News: The Travel Season Is Here, But Things Have Changed
Travel is different in the COVID era, and here’s how it could impact your travel plans and budget.
Contributing Writer at Tally
April 8, 2022
Spring has officially arrived, marking the start of the travel season. With restrictions beginning to ease worldwide, many people are ready to satiate their appetite for travel. However, before planning that big vacation — domestic or international — you’ll need to consider how travel has changed in the COVID-19 era.
Here are some of the more common procedures and new expenses to consider before planning that trip.
Travel prices are on the rise
As COVID restrictions ease and spring break travel increases, so do prices, according to the Los Angeles Times. Vacasa told the LA Times that 40% of Americans plan to travel this spring, up from 29% last year. Vrbo also noted that demand for its vacation rental homes is up 50% this year compared to 2021.
Travel site Hopper notes domestic airfare during spring break is up 21% from last year, and hotels are up 30%.
Road-trip lovers are also feeling the pinch as gasoline prices continue to surge. According to AAA, the national average for a gallon of regular gasoline is $4.176. That’s a $1.316 increase since this time last year.
Pilot shortages have been an ongoing issue since post-9/11 requirements that sent the cost of getting the training needed to be a commercial pilot over the $100,000 mark.
The pandemic worsened matters, as slumping travel pushed airlines to offer early retirements. With travel demand surging, airlines have canceled routes — sometimes at the last minute — because there are no available pilots.
This can lead to frustrating delays and changes in travel plans. It’s best to prepare for this and have flexibility. You may also want to keep some wiggle room in your budget to cover short hotel stays for longer delays. Read your ticket carefully, as many airlines will cover accommodation costs for extended delays.
How COVID-19 rules will impact your travel
While countries are opening their borders to travelers, rules remain in place to help curb the spread of COVID-19 and its variants. There have also been changes in the travel industry as a whole. Here are some common rules and changes you may encounter when traveling internationally.
The U.S. Department of State issues travel advisories for every country. Generally, advisories are due to increased crime, violence or terrorism, but COVID-19 has changed that. Numerous countries that normally had no warnings now have the highest warning of “Level 4: Do Not Travel” due to COVID-19 outbreaks.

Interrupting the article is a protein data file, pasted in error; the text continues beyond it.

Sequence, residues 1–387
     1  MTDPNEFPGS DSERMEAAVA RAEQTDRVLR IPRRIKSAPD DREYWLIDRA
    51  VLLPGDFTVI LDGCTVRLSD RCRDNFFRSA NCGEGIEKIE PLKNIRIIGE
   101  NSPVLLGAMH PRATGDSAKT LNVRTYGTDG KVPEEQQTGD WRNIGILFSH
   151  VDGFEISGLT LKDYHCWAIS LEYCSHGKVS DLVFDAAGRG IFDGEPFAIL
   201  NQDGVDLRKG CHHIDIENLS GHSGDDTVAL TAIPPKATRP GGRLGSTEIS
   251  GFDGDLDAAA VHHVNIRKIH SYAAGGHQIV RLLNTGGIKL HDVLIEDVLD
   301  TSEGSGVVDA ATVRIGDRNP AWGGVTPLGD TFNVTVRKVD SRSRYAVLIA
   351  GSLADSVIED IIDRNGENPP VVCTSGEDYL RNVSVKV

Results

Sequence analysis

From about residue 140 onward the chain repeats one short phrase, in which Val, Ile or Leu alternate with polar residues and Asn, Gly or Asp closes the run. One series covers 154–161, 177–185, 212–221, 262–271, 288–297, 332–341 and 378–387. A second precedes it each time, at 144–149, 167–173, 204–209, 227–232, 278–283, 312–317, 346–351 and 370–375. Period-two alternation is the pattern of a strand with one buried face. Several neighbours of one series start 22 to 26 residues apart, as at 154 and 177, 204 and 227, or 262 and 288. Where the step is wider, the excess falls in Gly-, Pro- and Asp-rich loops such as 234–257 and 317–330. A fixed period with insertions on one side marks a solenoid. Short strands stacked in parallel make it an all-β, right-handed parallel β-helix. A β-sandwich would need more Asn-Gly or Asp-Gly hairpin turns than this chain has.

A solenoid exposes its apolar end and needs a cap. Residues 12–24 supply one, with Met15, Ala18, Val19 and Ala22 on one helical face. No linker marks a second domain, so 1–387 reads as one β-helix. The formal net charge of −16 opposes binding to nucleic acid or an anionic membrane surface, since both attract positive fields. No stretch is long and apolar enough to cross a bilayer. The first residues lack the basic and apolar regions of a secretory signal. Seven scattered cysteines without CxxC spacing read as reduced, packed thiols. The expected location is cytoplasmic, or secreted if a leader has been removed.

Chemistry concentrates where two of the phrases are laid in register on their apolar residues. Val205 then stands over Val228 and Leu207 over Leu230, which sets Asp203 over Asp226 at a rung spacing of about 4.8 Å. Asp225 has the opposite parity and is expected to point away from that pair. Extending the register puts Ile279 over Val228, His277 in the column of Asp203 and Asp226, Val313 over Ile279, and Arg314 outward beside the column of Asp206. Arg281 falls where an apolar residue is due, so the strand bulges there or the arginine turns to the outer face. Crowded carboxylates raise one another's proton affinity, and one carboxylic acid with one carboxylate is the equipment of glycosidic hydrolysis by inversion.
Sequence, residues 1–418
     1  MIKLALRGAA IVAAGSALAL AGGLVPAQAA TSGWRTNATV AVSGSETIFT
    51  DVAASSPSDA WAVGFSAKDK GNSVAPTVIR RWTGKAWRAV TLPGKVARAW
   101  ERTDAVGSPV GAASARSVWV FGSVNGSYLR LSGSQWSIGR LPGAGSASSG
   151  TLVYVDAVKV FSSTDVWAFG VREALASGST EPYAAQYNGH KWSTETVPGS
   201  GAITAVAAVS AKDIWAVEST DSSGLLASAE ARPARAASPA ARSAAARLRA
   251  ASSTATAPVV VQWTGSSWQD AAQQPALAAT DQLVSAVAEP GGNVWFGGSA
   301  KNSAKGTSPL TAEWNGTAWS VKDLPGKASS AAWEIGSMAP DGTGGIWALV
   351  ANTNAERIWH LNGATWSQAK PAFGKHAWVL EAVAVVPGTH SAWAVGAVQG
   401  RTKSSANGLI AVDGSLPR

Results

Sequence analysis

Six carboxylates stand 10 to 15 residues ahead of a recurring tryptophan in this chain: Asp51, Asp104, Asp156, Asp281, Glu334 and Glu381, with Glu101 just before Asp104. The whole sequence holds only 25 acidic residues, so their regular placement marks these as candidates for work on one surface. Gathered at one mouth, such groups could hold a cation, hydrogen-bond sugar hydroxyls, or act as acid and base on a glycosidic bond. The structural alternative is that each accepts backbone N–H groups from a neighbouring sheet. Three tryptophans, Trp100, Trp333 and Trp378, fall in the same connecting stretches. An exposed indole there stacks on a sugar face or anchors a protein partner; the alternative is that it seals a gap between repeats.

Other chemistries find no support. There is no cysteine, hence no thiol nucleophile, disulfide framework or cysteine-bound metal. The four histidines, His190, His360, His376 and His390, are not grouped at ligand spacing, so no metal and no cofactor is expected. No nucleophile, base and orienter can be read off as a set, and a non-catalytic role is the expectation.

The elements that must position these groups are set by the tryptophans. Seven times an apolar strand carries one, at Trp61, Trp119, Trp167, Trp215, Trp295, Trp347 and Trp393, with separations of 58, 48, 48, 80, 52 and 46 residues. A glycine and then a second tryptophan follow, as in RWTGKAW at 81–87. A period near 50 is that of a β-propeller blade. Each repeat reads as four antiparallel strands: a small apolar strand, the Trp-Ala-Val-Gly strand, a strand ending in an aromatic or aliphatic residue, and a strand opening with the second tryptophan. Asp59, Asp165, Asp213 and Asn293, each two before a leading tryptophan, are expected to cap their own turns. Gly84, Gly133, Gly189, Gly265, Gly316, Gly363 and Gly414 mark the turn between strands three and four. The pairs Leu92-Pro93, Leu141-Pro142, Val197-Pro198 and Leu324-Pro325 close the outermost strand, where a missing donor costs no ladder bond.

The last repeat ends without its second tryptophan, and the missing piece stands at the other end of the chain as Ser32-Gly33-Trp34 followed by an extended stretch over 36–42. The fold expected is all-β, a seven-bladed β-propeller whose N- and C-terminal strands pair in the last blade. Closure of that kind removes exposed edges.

You can check the country you’re planning to vacation in on the State Department’s travel advisory site.
These warnings don’t prevent you from traveling, but they let you know the risk level of traveling there and what precautions to take if you decide to visit.
COVID has shaken up the process at many hotels due to staff shortages and to prevent the spread of the virus. Many have eliminated daily housekeeping and only do so upon request. Also, some have eliminated or scaled down their free breakfast offerings.
COVID-19 vaccine or quarantine
Many countries now admit vaccinated and unvaccinated individuals, but each has differing rules. Fully vaccinated individuals generally have little to no quarantine requirements.
For example, Colombia admits most fully vaccinated travelers without quarantine. However, Thailand requires an RT-PCR test upon arrival and a one-night stay at an approved hotel as you await the results. Thailand also requires a self-administered rapid antigen test on the fifth day after your arrival.
Unvaccinated individuals, however, often face long quarantines and additional COVID-19 testing. For example, Thailand will accept unvaccinated individuals. But you must quarantine for five nights — this was reduced from 10 days on April 1, 2022 — at an approved hotel in Bangkok, Samut Prakan, Pattaya, Phuket or Samui.
Between the in-country testing and quarantine requirements, be prepared to spend at least a few hundred dollars upon arrival.
Returning to the U.S.
When returning to the U.S., you must take a COVID-19 test and have a negative result no more than 24 hours before your departure. This can be either a PCR or antigen test. You’re exempt from testing if you’ve recovered from COVID-19 within the last 90 days and have documentation certifying this.
This is also at your expense and is typically inexpensive. However, it can cost several hundred dollars in some areas.
Travel is open, but things are changing
Traveling has returned, but you now need to consider new expenses when calculating your vacation budget and plan for some potential delays along the way. Be sure to check the restrictions and regulations for the country or state you plan to visit ahead of time.